Koehler's story in the News-Leader reveals what happens when adults think they're in charge of college journalists.
Koehler discovered that a story in the student newspaper at Ozarks Technical Community College had been spiked by the president of the school's board of trustees.
The story in The Eagle was supposed to be about six candidates coming in to interview for the president's post at OTC. Eagle reporters sent a questionnaire to the six candidates and almost immediately ran into hassles with the OTC board.
Board President Jackie McKinsey wrote to the candidates, telling them to ignore the questionnaire because the questions were "clearly inappropriate at this time."
Three of six replied anyway.
This week, McKinsey ordered the story killed, then lamely told Koehler that there was "nothing bad in the questions." The problem, McKinsey claimed, was that the student journalists "were out doing their own thing." And besides, McKinsey added, journalists should not be asking questions of the candidates; the trustees should.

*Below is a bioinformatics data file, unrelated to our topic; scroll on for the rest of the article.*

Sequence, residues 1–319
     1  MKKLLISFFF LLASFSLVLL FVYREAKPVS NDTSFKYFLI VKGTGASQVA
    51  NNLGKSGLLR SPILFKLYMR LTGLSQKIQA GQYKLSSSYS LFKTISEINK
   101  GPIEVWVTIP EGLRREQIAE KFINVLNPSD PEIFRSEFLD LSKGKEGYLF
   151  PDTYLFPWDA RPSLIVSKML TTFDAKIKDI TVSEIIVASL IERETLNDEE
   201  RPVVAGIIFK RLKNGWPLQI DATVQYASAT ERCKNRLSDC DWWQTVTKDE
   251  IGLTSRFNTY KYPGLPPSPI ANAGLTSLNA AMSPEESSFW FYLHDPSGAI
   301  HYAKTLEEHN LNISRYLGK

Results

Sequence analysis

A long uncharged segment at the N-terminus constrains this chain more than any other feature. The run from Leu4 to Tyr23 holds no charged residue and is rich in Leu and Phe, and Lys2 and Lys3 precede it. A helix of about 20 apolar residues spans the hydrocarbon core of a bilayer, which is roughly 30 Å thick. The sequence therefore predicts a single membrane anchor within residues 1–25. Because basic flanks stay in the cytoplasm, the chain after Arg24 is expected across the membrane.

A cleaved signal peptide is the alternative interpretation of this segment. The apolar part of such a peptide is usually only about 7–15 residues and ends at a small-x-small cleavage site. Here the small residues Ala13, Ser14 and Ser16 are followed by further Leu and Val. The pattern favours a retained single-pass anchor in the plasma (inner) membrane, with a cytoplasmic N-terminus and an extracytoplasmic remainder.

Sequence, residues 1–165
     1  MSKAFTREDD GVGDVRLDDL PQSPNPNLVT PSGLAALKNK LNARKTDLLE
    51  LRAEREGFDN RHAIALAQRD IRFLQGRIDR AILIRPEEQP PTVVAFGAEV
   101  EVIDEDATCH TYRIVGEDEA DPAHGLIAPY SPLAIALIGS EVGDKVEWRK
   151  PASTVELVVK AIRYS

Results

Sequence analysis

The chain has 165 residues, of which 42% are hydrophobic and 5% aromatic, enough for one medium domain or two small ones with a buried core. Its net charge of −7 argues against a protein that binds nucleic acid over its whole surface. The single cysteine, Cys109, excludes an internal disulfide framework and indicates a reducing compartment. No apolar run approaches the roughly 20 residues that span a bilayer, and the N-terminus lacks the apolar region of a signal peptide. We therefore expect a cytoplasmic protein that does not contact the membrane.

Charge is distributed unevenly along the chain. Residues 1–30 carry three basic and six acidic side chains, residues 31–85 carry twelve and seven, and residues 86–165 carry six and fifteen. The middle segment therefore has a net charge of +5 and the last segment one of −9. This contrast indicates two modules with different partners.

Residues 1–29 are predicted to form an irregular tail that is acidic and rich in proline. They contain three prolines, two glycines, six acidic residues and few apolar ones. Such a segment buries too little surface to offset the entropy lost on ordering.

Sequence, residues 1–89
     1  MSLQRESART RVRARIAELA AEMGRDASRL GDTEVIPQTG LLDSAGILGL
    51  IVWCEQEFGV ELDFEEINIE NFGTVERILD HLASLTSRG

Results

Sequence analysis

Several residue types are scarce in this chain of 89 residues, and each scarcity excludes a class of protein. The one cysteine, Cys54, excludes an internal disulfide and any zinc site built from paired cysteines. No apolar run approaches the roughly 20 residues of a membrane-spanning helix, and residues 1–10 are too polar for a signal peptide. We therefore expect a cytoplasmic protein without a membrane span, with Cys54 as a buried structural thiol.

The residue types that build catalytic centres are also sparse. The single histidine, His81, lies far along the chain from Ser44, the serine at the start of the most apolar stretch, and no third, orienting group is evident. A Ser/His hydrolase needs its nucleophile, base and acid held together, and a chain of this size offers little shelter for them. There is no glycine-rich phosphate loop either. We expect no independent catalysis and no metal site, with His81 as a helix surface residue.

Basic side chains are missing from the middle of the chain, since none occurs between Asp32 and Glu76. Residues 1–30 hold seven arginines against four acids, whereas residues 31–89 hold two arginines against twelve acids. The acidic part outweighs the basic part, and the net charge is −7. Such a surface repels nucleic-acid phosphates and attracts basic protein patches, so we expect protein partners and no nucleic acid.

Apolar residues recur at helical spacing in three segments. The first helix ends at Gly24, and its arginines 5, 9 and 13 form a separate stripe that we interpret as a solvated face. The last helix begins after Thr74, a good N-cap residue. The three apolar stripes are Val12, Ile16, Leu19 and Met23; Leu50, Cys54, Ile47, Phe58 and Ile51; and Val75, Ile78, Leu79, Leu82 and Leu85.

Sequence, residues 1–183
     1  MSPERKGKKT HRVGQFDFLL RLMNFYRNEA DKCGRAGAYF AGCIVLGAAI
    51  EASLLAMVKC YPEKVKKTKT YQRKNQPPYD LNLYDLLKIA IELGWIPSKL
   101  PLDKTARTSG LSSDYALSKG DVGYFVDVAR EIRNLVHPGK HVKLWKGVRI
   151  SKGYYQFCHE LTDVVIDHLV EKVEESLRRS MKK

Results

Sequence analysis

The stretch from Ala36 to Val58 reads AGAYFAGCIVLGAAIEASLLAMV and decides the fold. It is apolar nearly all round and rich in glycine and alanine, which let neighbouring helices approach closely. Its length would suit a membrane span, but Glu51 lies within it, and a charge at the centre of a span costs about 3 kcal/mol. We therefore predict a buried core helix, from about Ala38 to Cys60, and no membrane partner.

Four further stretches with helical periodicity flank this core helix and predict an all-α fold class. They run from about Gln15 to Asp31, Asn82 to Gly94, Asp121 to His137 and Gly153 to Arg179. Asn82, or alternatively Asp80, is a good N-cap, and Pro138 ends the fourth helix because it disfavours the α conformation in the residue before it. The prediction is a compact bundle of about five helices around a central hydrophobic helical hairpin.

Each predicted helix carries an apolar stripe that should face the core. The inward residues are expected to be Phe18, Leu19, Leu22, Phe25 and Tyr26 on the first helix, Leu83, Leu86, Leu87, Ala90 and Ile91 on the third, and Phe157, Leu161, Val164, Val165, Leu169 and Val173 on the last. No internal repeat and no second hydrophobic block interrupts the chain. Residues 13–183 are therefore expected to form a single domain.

From Koehler's story:
McKinsey said she didn't think the message had a chilling effect on the student reporters or was an attempt at censorship.
She said she was advised by the board's search committee consultant, Don Hunter of Hockaday, Hunter & Associates of North Carolina, that the candidates not answer the questionnaire.
"A candidate asked (Hunter) if the questions were board-sanctioned questions. (Hunter) said they were not appropriate for them to answer a month before they came here," McKinsey said.
McKinsey said she asked Hunter whether there was an "issue of the freedom of the press, and he said, 'No.'"
Sorry, Jackie. This one's all your fault.